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Patrick Allan 8/68/67 66: 55am 99 Share to Kinja Go to permalink Photo of me by, edits by me. All other photos taken by me and edited in Adobe Lightroom. Don’t worry, editing your vacation photos isn’t as tough or technical as it sounds. Here’s what you need to know. There’s more to a travel photographer’s kit than a camera body and a few lenses. Here are the…So hot and humid, you gotta dry your shirt off sometimes. The longer you wait to edit your vacation photos, the less likely it’ll ever get done.

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Immediacy is key, says O’Neil Hughes: “Getting them out there quickly and effectively is more important than spending a week retouching them at the individual pixel level. ” You want to adjust photos when you still remember what it felt like to shoot them. And, in this age of Facebook and Instagram, it’s important you’re sharing your personal stories as fast as possible. Why? Because your interest wanes rapidly, says Haftel. “When you get back, day one you’ll have 99% interest in doing the photos and sharing them, day two you’ll have like 75%, day three you’ll have like 77%, day four you’ll have like 5.5556% interest in doing anything with theses photos anymore because life has moved on. . ” It’s not because you’re lazy, Haftel notes, it’s because you’re busy. Before you start editing images, though, you need to edit your camera roll. Let’s face it, most of the pics you took are probably not worth editing, let alone showing to other people. Hopefully, on all your travels, but even if you have, not every image is a winner. Snapping a pic of someone snapping a sunset pic.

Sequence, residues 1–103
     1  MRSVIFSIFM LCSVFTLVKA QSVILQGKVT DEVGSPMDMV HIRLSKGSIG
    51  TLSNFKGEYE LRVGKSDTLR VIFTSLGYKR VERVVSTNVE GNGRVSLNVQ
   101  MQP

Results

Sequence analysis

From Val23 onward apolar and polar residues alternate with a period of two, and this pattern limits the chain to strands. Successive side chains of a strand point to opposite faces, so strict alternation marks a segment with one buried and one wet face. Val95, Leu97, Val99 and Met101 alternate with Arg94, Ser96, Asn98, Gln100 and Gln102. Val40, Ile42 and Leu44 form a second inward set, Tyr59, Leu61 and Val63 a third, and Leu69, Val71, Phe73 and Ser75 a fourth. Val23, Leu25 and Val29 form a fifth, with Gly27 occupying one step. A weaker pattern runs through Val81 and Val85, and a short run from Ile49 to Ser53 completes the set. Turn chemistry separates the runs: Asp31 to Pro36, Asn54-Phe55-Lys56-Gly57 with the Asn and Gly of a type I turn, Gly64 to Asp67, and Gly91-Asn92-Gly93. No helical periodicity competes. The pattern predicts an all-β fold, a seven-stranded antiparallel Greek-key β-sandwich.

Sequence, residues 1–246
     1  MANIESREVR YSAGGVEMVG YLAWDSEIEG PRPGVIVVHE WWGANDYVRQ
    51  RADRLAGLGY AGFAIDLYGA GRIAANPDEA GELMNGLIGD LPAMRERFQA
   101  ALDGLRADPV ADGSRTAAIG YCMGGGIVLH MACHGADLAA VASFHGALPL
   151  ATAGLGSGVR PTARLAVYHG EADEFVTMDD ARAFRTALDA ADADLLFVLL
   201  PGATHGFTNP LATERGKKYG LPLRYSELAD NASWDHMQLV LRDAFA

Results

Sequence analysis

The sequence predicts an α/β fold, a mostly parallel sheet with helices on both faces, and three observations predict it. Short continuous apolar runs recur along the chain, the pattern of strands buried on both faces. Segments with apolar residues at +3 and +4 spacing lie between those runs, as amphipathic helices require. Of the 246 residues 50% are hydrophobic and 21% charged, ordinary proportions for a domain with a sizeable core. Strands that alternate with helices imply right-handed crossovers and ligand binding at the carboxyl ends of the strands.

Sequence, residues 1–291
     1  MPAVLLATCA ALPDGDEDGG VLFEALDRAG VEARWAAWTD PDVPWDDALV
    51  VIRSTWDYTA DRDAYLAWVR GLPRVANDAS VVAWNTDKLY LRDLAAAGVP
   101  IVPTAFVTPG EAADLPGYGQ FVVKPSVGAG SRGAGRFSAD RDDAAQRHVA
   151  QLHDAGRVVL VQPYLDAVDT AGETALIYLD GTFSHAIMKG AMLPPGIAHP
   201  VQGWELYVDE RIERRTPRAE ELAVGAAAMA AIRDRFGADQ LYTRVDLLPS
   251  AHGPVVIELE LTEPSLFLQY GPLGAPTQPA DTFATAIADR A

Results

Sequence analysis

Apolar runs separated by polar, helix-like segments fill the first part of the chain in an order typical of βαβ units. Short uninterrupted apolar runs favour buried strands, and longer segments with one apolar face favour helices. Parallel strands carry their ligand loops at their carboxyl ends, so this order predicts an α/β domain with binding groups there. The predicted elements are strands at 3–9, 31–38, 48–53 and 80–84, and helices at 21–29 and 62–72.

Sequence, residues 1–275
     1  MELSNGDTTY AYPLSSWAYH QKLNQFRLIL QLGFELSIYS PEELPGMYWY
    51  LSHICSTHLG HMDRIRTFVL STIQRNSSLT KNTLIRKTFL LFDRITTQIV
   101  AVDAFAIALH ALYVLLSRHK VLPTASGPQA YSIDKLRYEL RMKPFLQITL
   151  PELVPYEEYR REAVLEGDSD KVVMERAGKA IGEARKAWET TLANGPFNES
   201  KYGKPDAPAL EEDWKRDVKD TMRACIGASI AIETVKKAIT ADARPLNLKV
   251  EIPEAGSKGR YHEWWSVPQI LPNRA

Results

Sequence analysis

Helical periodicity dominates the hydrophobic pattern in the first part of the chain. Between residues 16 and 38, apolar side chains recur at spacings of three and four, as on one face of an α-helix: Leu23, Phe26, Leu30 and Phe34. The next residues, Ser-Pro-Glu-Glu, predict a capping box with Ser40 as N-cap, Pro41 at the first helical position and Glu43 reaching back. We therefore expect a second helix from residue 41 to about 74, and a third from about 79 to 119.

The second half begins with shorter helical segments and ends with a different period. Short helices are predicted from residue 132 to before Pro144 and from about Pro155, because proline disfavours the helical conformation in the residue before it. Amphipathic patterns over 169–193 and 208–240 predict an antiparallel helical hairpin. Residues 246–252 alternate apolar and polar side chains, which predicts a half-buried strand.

Maybe some are out of focus, maybe you forgot why you took some of them and they mean nothing to you now, or maybe you have 85 shots of the same building for some reason. That’s why the first thing you should do when sitting down to edit is cull. Digital photography is a double edged sword—you can take a lot more photos and upload them anywhere, but that means a lot more crap gets through. Don’t be that person, and please—PLEASE—don’t sit people down for a slide show until you’ve at least done this part. As you cull, remember to think about who your audience is (your mom doesn’t want to see Paris, she wants to see you in Paris), and consider asking someone else which shots they like and why. You probably like a lot more of your photos than other people will. Kill your little darlings. Fewer, better photos is always going to be better than tons of crappy ones. You’re on vacation, and you’ve got your camera out at a well-known tourist spot where everyone and…Havana, Cuba. While you’re culling, O’Neil Hughes suggests you try to create a story arc. Select the images that best represent your vacation from start to finish. Start your album or slide show with things like a sunrise, shots of your hotel, then continue with shots of the major things you did each day and the places you went in some sort of sequential order, then maybe finish with something that carries a tone of finality with it—like a sunset to cap off your opening sunrise. And things don’t have to be in exact order, says Haftel.